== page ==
Last week's announcement of the .3% drop in the unemployment rate was a positive diversion for the White House after President Obama's less-than-stellar debate performance. But the new unemployment rate of 7.8% hardly warranted the high level of attention it received, because it does not adequately reflect long-term employment issues, nor give any indication that the country's economic health is improving. In four years, the unemployment rate has not yet fallen back to 7.6%, the level it was at the end of the Bush administration.
Along with our rising national debt, Americans are increasingly concerned about the economy and spending. The issues of job growth, the long-term unemployed, the part-time employed who want to work full time, the many who are no longer counted because they have been out of work too long or have given up, and the low number of new jobs are all of particular concern when it comes to employment in America.
Here are some of the most pressing issues when it comes to employment and the economy in America.
Job growth has been called "anemic," and it could soon get much worse. 12.1 million are still unemployed! All this is before Taxmageddon (the $500 billion tax hike) hits on January 1 — unless Congress and the resident can quit arguing, and Congress acts to prevent it. Based on the most recent Update to the Budget and Economic Outlook provided by the Congressional Budget Office, the Heritage Foundation estimates 1.6 million more jobs could be lost when Taxmageddon comes.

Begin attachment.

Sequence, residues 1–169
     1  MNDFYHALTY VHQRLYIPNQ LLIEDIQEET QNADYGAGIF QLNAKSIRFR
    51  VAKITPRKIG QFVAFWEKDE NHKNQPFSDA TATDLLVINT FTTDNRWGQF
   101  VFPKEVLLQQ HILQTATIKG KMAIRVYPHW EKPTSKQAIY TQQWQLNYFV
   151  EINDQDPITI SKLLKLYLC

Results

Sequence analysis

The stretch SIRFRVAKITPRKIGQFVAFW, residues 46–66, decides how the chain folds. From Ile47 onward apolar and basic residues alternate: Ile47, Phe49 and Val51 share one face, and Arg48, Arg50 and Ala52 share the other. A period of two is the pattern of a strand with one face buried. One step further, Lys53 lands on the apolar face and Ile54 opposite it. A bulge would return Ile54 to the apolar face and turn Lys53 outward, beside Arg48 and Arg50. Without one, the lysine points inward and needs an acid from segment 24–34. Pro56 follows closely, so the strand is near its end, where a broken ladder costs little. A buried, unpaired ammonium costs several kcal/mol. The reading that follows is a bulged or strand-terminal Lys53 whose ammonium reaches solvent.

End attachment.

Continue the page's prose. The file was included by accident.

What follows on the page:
4.8 million Americans are long-term unemployed. Fewer than 1 in 5 job seekers found employment last month. Those who have been unemployed for extended periods of time find the search the most difficult. I can attest to that, as I am one of those who hasn't found full time employment after more than a year of hard searching, hundreds of resumes distributed, and dozens of gallons of coffee consumed while "networking."
A 600,000 rise in involuntary part-time workers in September. According to the Bureau of Labor Statistics (BLS), "These individuals were working part time because their hours had been cut back or because they were unable to find a full-time job.”
Underemployment is 14.75 % or - 23.2 million. Many of us who are or were unemployed have taken on part-time work while we continue to look. We count as employed. Our temporary, part-time, and "moderately-ok-for-the-short-term" employment situations have to do for now. We aren't contributing much to the economy (or taxes) because we aren't spending, and we are making a small percentage of what we were. In many cases, we are working far harder for far less. Including all five of my part-time jobs/clients, my income this year will be barely 20% of my full time salary before benefits, and I still work more than 40 hours per week.
The increases in employment in September were in the fields of health care, transportation and warehousing. Executive jobs can take longer to find, are usually advertised nationally and are very competitive. Some employers still cannot find employees with the right skill sets. The unemployed may be forced to apply for jobs below their skill level. In my case, I have been complimented for my excess of qualifications, but also told that that is a hindrance because employers don't trust that the overqualified will stick around. My social networking skills and active Twitter life may not fool employers into thinking I am younger than I am. Interestingly, adult women saw a small improvement in unemployment in September, from 7.3 to 7.0%.